Government ministers are always telling us that competition is good; that it drives prices down. What generally happens though is the big players declare a price war and sustain heavy loses until the weaker players go out of business and then the prices creep back up. Some time back petrol stations offered “price promises” where no station within a mile would have cheaper fuel. When a competitor dropped its prices, the “price promise” matched them – they never went lower. So how could you compete on cost, when every price cut was matched? Soon the small players let their prices drift up and the “price promises” went up to match them.
But competition does influence the marketplace. According to Porter, the threat of new entrants to the market requires attention. For instance, Sony’s Diskman product was severely affected by the launch of the Apple iPod. Although your PMP® training is unlikely to focus on this, any project manager needs to be alert to the marketplace. Flagging a new entrant and adapting to suit can make your project a success despite the threat.
Another factor, that is currently affecting the pharmaceutical sector, is the availability of substitute products and services. Generic drugs are flooding the market, now that high-ticket drugs, such as Lipitor, have gone off patent. Eastman Kodak finally went bust because the cameras supplied with smart phones destroyed the holiday-snap camera market. These examples show the variety of threats under this heading. While the pharmaceutical companies knew their patents were due to expire, the threat from a totally different product can happen without warning. As another example, fewer young people are buying wristwatches, again because they make use of their phones’ clocks.
Competition also dictates what suppliers will charge you for components and services, as well as what we can ask for in the marketplace. During the PC boom at the turn of the century, German car manufacturers had to slow production because the steel used for computer chassis was the same gauge as that needed for certain car body pressings. The suppliers got better prices from the PC manufacturers, so diverted the steel. Similarly, in tight economic times, people spend less on luxury. This explains why attractive car finance deals are being offered today. Few people can afford a new car, but they can afford a low monthly lease fee.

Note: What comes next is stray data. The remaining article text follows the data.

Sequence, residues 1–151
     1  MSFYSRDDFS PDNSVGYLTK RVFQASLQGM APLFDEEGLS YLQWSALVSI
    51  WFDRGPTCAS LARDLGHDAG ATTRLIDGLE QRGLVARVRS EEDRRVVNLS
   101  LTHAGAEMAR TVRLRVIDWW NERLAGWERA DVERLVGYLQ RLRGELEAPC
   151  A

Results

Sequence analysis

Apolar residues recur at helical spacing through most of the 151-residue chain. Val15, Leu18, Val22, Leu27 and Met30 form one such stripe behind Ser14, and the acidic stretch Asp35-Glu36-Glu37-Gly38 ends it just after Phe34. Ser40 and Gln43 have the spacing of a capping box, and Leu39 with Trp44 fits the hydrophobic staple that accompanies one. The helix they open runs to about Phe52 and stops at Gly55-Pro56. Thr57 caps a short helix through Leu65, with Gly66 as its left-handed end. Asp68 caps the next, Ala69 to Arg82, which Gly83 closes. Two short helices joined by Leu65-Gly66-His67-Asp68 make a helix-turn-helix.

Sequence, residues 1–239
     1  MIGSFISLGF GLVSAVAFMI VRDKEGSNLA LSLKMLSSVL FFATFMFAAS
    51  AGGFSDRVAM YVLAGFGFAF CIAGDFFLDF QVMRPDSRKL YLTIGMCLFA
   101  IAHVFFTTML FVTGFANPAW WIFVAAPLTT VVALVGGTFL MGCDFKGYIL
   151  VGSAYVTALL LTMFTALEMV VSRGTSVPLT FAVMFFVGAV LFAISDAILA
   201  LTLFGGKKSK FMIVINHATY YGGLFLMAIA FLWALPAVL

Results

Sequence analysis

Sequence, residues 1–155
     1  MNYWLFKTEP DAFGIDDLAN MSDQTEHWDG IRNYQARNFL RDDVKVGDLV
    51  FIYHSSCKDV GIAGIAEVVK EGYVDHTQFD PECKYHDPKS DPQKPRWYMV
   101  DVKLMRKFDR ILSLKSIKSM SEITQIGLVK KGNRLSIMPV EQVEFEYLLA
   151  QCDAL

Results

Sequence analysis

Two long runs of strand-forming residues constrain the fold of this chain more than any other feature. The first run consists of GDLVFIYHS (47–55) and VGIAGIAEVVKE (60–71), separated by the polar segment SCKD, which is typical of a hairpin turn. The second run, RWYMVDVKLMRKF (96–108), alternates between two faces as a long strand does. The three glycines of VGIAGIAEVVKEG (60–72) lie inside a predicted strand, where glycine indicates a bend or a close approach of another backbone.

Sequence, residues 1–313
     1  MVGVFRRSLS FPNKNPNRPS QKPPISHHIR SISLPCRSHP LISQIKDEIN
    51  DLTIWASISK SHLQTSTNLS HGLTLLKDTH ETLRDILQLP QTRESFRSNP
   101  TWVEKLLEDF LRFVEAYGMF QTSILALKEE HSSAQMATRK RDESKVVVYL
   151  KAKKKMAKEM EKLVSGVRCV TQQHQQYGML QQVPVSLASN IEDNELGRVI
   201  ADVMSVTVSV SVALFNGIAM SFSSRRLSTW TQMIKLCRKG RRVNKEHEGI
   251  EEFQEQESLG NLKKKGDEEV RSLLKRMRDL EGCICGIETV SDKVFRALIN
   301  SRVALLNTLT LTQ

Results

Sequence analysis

Rivalry also exerts tremendous competitive pressure. Why are there so many supercar manufacturers in northern Italy? Why are there so many high-tech companies in Silicon Valley? Intense rivalry means that companies have to compete hard to survive in that industry. By co-locating, they enjoy similar infrastructure costs, access the same resource pool and create a critical mass that encourages local schools and universities to offer courses in that particular industry. As an example, the Cork Institute of Technology is offering cloud computing courses, stimulated by the presence of Dell and VMware in the neighbourhood.
So competition can be good and it can be bad. The important thing to remember is that it exists. While most PMPs® can relax and let program and portfolio managers worry about the strategic direction of the company, being aware of where your project fits in the marketplace and tuning into developments in that marketplace can give you the early warnings needed to adjust your project to a brighter future.
Intense competition among Registered Education Providers has honed Velopi’s courses into the ideal preparation for achieving the Project Management Professional (PMP)® certificate in project management. We run PMP® Exam preparation courses regularly online in our virtual classroom. For more details, please visit our training page, or contact us directly.